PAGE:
The legacy of Herschell Lee Hamilton, M.D., a man who committed his life to advancing civil rights, will be passed on to future generations of medical students thanks to his widow, Willa Yvonne Echols Hamilton, and their children, Rachel Lorraine Hamilton Kersey, D.D.S.; Jacqueline Elaine Hamilton, M.D.; Herschell Lanier Hamilton, M.P.P.M.; Sharon Yvonne Hamilton Broach, J.D.; Cheryl Smith; and Verschell Long, R.N.
The family has established the Herschell Lee Hamilton, M.D., Endowed Medical Scholarship in the School of Medicine to honor the memory and lifelong work of the late physician, who actively practiced medicine for more than 40 years. The University of Alabama Health Services Foundation has matched these funds in appreciation for Dr. Hamilton’s many contributions to the practice of medicine.
Known as the “Battle Surgeon” and the “Dog-Bite Doctor,” Hamilton provided free medical care, including surgery, to activists who were sick or injured during the civil rights movement of the 1960s. No patient was ever turned away from Hamilton’s office because of an inability to pay.
Born in 1925 in Pensacola, Florida, Hamilton served his country in the Army Air Corps from 1943 to 1946, after which he earned a bachelor’s degree in biology in 1949 from Florida A&M University and a medical degree in 1954 from Meharry Medical College. He then completed a general surgery residency at Homer G. Phillips Hospital in St. Louis, Missouri.
Hamilton came to Birmingham in 1958 as its first African-American board-certified general surgeon. He practiced at Community (formerly Holy Family), HealthSouth (formerly South Highland), University, and Princeton hospitals, and he was a Diplomat of the American Board of Surgery and a Fellow of the American College of Surgeons.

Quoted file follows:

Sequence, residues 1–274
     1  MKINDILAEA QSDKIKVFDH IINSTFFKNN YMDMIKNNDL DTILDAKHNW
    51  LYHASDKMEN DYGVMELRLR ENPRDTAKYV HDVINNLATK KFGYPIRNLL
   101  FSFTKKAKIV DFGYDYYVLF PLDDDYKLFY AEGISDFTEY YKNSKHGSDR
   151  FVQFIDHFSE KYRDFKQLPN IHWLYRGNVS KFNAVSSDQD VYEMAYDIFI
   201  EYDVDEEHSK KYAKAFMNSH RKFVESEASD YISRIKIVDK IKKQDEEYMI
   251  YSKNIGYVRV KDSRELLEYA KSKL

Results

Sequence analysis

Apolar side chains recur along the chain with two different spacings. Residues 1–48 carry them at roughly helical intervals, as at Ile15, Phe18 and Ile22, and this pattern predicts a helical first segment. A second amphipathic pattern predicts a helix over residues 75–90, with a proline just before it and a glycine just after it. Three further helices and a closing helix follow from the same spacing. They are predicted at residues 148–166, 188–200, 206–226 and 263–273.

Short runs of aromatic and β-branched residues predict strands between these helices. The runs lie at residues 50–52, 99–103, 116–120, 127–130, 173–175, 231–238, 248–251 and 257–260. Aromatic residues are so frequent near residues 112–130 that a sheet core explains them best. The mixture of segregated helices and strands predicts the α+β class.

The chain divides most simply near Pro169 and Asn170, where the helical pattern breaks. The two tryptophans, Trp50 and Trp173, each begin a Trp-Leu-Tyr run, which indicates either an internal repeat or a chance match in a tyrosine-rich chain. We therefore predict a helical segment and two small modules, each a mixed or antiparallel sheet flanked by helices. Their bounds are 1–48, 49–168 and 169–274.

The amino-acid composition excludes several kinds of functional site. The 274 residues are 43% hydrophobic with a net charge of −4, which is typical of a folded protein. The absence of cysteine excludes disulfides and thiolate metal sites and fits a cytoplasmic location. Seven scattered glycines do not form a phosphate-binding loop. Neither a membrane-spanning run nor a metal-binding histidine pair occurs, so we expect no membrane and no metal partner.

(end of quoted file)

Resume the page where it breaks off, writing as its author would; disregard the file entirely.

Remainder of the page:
Hamilton was an active participant in the Mineral District Medical Society, the National Medical Association, the Meharry and Florida A&M alumni associations, the Southern Christian Leadership Conference, the National Association for the Advancement of Colored People, Phi Beta Sigma fraternity, and the Board of Deacons of Sixth Avenue Baptist Church. He and his beloved wife raised six successful children over their more than 40 years of marriage, and were the proud grandparents of 13 grandchildren.
When Hamilton passed away in late 2003, civil rights activist Reverend Fred Shuttlesworth said of him, “He was a great believer in civil rights and human rights, but he didn’t talk about the work he did. He gave the credit to others.” Both Shuttlesworth and Dr. Martin Luther King Jr. were patients of Hamilton’s during the Civil Rights Movement, as well as the participants in the historic march from Selma to Montgomery in 1965.
This scholarship, which will encourage African-Americans to pursue careers in the medical profession, reflects Hamilton’s commitment to civil rights. It was fittingly established during the 50th anniversary of the Birmingham civil rights movement in 2013.
Nicole Davis, Pharm.D., is the first recipient of the scholarship. She was a full-time pharmacist in the Birmingham area for 12 years, but she decided to become a physician to be more involved in the treatment and diagnosis part of patient care. She is now a second-year medical student.
For more information about giving to the School of Medicine, visit www.uab.edu/medicine.